Although I’ve written quite a few posts about employee handbooks, I just realized that I never have explicitly stated why an employer should have one – thus, the topic of this post.
An employee handbook is a collection of policies, procedures and other important information that is provided to every employee. Reasons for having an employee handbook include:
- To let every employee know what is expected of him or her on the job
- To help ensure that employees are treated equally and appropriately
- To reduce employee morale problems and complaints related to unstated policies or procedures
- To reduce the risk that employees will allege unfair practices or unlawful discrimination
- To enhance the perceived authority and appropriateness of employer decisions that are based on the handbook
Prudent employers have known, for many years, the importance of Employee Handbooks in setting forth a company’s policies and operational procedures. However, the recent increase in the popularity of social media – Facebook, Twitter, blogs and the like – has taken many employers, and their Handbooks, by surprise.
Policies governing mobile phones, computers, Internet access and e-mail no longer suffice. With social media, every employee – for better or for worse, intentionally or unintentionally – can become a spokesperson for the company.
In “Inspection of Employee Text Messages ? Be Careful“, I described provisions concerning company-provided technology that every employer should include in its employee handbook. A recent California Court of Appeal case, Holmes v. Petrovich Development Co., shows that such provisions are strong enough to defeat a claim of attorney-client confidentiality!
Gina Holmes brought suit against her former employer, alleging sexual harassment, wrongful termination and other causes of action. The employer presented as evidence e-mails between Holmes and her attorney – e-mails sent from her employer’s computer – that supported the employer’s case.
The CEO of a client with a half-dozen employees recently asked, “We are about to start hiring again. I would like to add language regarding a 90 day probationary period. Is this a good idea?” My answer was “No.” Here’s why.
I had prepared a form of employment offer letter and an employee handbook for the client. Both of these documents state that employment is at-will. This means that either party may terminate the employment relationship at any time for any (non-discriminatory) reason or for no reason. As a result, at-will employment, by itself, allows a company to terminate the employment of an individual whose performance is inadequate during the first 90 days. A probationary period is not necessary.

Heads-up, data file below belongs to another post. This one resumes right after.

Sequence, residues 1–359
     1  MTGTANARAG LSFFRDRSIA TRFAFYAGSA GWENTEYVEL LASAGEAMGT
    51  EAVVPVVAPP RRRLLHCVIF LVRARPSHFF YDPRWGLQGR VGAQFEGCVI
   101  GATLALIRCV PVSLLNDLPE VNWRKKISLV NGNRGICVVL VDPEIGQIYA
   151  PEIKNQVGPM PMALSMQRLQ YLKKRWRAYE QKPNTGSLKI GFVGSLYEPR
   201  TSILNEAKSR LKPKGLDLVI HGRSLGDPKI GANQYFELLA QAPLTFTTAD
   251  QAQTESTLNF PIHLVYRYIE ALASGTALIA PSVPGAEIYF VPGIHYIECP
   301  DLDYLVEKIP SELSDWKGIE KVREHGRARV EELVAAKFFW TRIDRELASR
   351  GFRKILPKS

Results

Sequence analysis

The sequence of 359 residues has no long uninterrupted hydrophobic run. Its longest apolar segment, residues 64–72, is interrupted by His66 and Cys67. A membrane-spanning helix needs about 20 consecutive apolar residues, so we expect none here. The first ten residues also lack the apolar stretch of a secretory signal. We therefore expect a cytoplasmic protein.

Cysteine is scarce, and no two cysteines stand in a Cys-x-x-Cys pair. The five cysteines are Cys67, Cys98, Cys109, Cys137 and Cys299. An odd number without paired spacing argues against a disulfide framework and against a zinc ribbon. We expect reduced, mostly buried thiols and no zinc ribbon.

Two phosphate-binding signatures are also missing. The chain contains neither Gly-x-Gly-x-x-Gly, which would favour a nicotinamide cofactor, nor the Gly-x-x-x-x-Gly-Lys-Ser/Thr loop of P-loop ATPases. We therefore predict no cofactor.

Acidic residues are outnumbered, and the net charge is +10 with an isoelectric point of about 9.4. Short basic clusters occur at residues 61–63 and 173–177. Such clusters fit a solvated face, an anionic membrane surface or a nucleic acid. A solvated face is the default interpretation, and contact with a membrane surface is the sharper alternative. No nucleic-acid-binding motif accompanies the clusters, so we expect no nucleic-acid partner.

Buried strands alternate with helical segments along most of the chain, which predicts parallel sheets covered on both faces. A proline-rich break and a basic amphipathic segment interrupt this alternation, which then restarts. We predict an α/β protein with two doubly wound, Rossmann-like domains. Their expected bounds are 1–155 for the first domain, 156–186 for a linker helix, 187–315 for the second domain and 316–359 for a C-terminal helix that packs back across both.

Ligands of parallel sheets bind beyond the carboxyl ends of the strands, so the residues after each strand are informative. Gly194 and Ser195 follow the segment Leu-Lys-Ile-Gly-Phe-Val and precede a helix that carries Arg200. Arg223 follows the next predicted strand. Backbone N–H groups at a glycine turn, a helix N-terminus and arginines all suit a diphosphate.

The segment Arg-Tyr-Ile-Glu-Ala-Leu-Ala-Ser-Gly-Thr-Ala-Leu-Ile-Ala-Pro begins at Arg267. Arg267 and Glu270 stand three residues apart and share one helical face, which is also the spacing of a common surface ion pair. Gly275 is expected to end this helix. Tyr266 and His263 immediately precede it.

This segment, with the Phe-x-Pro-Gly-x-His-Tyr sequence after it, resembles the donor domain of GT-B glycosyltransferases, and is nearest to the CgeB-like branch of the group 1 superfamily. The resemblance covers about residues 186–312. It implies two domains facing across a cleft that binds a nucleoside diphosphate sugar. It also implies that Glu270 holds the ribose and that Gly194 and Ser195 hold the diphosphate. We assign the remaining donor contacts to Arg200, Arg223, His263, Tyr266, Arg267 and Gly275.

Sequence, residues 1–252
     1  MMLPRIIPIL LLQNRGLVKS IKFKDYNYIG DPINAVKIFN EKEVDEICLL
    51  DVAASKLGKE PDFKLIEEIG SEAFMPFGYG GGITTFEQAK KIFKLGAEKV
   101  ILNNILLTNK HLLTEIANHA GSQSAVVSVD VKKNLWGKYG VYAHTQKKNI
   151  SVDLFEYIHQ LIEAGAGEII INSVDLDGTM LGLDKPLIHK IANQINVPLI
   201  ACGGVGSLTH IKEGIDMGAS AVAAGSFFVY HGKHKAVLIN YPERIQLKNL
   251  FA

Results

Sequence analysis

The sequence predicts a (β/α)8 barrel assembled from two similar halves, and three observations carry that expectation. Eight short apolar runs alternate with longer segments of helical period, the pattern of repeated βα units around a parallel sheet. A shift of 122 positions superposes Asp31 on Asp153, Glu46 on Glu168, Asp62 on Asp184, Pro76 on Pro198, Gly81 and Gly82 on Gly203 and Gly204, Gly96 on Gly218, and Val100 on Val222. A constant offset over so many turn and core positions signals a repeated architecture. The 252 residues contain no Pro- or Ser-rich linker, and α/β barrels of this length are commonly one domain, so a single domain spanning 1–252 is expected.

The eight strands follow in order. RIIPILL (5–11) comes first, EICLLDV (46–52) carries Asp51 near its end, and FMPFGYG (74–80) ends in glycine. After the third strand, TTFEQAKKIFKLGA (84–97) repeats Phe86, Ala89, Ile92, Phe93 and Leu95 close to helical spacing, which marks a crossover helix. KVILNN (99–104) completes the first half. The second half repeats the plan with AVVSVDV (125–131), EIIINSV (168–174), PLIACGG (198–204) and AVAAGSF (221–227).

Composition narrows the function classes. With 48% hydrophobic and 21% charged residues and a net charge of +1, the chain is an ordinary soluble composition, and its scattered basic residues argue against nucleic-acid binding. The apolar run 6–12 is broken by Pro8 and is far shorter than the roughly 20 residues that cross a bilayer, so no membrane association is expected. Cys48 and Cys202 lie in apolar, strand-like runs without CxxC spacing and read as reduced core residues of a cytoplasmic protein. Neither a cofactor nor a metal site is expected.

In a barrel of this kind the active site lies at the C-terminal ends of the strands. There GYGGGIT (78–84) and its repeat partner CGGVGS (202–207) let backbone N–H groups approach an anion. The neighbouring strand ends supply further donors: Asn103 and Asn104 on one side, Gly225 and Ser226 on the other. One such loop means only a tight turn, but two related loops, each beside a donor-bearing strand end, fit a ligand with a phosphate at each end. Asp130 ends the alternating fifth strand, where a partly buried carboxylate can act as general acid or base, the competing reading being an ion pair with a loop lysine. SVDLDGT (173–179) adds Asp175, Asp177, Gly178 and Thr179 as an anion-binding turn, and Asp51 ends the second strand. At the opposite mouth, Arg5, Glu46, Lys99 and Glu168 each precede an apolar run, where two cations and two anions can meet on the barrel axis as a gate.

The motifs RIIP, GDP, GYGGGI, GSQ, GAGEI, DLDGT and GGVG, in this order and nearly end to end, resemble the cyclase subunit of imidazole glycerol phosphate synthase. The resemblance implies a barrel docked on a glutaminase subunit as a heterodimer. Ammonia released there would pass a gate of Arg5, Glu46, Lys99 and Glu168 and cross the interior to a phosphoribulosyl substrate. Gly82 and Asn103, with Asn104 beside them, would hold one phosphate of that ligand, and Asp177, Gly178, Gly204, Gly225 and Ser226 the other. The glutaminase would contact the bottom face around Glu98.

Their are obvious security-related reasons why businesses do not want employees to give their computer passwords the third parties. With the recent decision in Multiven v. Cisco Systems, the U.S. District Court for the Northern District of California has given us a legal reason, as well.
Peter Alfred-Adekeye (“Adekeye”), a former Cisco engineer, left Cisco to form plaintiff Multiven. After his departure, Adekeye used a Cisco employee’s password, with the employee’s permission, to download certain proprietary Cisco software.
“Texting” is booming in popularity, especially among younger workers. Are your personnel sending text messages on company-provided devices? If so, you should know about the Ninth Circuit’s decision in Quon v. Arch Wireless Operating Co., Inc., 529 F.3d 892 (2008).
Update: On June 17, 2010, the U.S. Supreme Court, in City of Ontario v. Quon, overturned the Ninth Circuit decision, ruling that the search of employee text messages did not violate the Fourth Amendment prohibition against unreasonable search and seizure because (a) it was motivated by a legitimate work-related purpose and (b) it was not excessive in scope. However, the Court expressly sidestepped the issue of whether employees have a reasonable expectation of privacy in their text messages, so the precautions listed at the end of this post still are relevant.
Frequently, the first service I provide to a client is to form a new legal entity (corporation or limited liability company). And frequently, once that entity is formed, the client’s first question is “What are my entity’s compliance obligations?”
This post provides a high-level answer to that question.
This post is about employment law. It is directed particularly to people from other countries who are not familiar with U.S. employment practices.
It is based on my answer to a Quora question. Please see What are the most important aspects of American labor law that a foreigner trying to make a terrestrial logistics company in (any state of) the U.S. should take into consideration?
I am providing this answer based on my experience helping dozens of international clients conduct businesses in the U.S.
Several weeks ago, the Netherlands Consulate’s Holland in the Valley staff interviewed me about incorporation for international companies.? Excerpts from our conversation recently were posted at the Holland in the Valley website.
Among the topics we discussed were: